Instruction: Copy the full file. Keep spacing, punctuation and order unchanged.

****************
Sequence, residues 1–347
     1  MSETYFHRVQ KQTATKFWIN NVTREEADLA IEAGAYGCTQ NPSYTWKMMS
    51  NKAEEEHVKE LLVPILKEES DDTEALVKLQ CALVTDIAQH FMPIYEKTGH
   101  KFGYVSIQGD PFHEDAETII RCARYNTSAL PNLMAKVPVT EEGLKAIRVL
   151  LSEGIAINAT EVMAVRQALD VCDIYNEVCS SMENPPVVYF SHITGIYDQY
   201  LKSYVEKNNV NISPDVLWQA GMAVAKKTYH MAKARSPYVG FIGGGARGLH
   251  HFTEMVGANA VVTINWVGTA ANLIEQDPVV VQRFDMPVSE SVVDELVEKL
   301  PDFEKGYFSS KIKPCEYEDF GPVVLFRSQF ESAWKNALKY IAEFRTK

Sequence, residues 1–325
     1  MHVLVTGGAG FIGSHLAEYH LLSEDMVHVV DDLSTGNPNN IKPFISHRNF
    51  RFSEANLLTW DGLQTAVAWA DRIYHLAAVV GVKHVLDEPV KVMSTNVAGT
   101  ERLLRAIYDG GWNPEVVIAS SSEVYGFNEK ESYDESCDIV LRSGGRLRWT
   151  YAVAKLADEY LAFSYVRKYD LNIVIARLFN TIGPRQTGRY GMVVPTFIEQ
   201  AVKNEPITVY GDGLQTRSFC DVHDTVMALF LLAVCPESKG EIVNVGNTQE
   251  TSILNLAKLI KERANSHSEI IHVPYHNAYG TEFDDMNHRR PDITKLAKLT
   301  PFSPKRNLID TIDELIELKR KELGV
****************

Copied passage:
Sequence, residues 1–347
     1  MSETYFHRVQ KQTATKFWIN NVTREEADLA IEAGAYGCTQ NPSYTWKMMS
    51  NKAEEEHVKE LLVPILKEES DDTEALVKLQ CALVTDIAQH FMPIYEKTGH
   101  KFGYVSIQGD PFHEDAETII RCARYNTSAL PNLMAKVPVT EEGLKAIRVL
   151  LSEGIAINAT EVMAVRQALD VCDIYNEVCS SMENPPVVYF SHITGIYDQY
   201  LKSYVEKNNV NISPDVLWQA GMAVAKKTYH MAKARSPYVG FIGGGARGLH
   251  HFTEMVGANA VVTINWVGTA ANLIEQDPVV VQRFDMPVSE SVVDELVEKL
   301  PDFEKGYFSS KIKPCEYEDF GPVVLFRSQF ESAWKNALKY IAEFRTK

Sequence, residues 1–325
     1  MHVLVTGGAG FIGSHLAEYH LLSEDMVHVV DDLSTGNPNN IKPFISHRNF
    51  RFSEANLLTW DGLQTAVAWA DRIYHLAAVV GVKHVLDEPV KVMSTNVAGT
   101  ERLLRAIYDG GWNPEVVIAS SSEVYGFNEK ESYDESCDIV LRSGGRLRWT
   151  YAVAKLADEY LAFSYVRKYD LNIVIARLFN TIGPRQTGRY GMVVPTFIEQ
   201  AVKNEPITVY GDGLQTRSFC DVHDTVMALF LLAVCPESKG EIVNVGNTQE
   251  TSILNLAKLI KERANSHSEI IHVPYHNAYG TEFDDMNHRR PDITKLAKLT
   301  PFSPKRNLID TIDELIELKR KELGV